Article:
Now in its 6th year, the Holding the Light service will be held (in person, if permitted) in Melbourne (and online everywhere) on Sunday 28 November 2021, at 2.30pm.
While it is held within the Christian tradition, all who might like to join together and take part in a ritual, a time of quiet, lament, and prayer/reflection, on the tragic results of violence are welcome and encouraged to attend.
The service provides an opportunity to commit ourselves and our faith communities: parishes, churches, schools and social services, to be a part of real and positive change for the future.
- Those killed as a result of domestic violence by naming those who are victims in the service, and by ringing a gong for each of them
- Stand in solidarity with victim/survivors by recognising their pain, and listening to their voices
- Take time to reflect and commit ourselves to addressing the drivers of violence in our own attitudes, communities and contexts
- Take hope in the Christian message that all may be healed and redeemed, while acknowledging the ongoing trauma, suffering and danger experienced by so many in our communities due to the ongoing use of violence and abuse.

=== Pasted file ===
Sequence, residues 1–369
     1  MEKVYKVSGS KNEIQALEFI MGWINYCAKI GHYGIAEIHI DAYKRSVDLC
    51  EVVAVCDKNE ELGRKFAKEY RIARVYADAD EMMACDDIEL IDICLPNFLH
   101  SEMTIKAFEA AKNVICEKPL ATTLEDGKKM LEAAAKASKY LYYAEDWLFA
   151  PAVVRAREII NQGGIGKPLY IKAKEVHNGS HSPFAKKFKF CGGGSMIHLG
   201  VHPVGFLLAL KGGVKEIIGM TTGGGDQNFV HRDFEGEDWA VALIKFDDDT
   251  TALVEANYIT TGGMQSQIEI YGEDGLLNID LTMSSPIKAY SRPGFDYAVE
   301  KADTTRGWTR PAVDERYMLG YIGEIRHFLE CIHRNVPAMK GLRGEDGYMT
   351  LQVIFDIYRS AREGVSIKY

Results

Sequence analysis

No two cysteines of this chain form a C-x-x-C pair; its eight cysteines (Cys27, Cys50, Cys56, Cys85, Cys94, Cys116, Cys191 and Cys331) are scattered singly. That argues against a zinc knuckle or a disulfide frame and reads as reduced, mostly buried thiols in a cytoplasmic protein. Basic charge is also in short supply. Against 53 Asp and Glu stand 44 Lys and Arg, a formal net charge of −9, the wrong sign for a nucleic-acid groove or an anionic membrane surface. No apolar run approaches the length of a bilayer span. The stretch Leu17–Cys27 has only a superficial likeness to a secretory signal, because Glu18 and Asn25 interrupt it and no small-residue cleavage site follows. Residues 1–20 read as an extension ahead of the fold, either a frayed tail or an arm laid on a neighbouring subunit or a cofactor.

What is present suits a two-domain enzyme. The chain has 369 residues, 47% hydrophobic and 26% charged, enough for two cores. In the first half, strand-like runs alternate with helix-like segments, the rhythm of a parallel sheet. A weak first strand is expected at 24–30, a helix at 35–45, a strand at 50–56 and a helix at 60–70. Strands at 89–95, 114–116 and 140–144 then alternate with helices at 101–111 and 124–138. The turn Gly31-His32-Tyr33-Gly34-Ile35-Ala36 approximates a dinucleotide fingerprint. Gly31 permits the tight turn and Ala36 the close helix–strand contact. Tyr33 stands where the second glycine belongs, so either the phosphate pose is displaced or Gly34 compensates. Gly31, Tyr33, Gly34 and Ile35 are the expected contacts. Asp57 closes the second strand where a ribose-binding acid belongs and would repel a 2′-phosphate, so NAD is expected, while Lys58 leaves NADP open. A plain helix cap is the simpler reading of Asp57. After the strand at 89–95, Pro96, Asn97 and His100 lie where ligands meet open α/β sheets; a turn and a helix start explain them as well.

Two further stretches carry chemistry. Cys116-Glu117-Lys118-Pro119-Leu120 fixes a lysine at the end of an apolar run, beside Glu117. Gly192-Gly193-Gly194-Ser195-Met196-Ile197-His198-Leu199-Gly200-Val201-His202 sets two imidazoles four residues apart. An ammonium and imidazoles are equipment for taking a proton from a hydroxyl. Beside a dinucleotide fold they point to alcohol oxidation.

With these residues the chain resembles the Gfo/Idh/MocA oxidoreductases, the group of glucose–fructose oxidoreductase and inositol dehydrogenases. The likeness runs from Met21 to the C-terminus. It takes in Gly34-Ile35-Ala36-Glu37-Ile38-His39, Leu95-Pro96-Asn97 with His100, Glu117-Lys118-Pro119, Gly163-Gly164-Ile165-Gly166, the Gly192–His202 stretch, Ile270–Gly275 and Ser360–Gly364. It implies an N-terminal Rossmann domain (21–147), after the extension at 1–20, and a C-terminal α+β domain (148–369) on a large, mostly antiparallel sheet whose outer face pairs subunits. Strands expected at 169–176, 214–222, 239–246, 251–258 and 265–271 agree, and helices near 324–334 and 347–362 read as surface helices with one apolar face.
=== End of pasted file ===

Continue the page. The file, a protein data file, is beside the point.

We hope that in-person attendance will be possible for this service. However, we realise that due to the pandemic it is likely there will be restricted/unpredictable numbers allowed.
The service will be live streamed for all who cannot attend in person for whatever reason. Therefore, it is necessary to RSVP and this will allow the organising committee to keep you updated with appropriate links for online access and timely information on COVID safe in-person attendance.
Holding the Light is held in solidarity with, and as a part of a Christian response to, the 16 Days of Activism against Gender-Based Violence — this is an annual international campaign that begins on 25 November, the International Day for the Elimination of Violence against Women, and runs until 10 December, Human Rights Day. Started by activists at the inaugural Women’s Global Leadership Institute in 1991 it continues to be coordinated each year by the Center for Women’s Global Leadership. It is used as an organising strategy by individuals and organisations around the world to call for the prevention and elimination of violence against women and girls.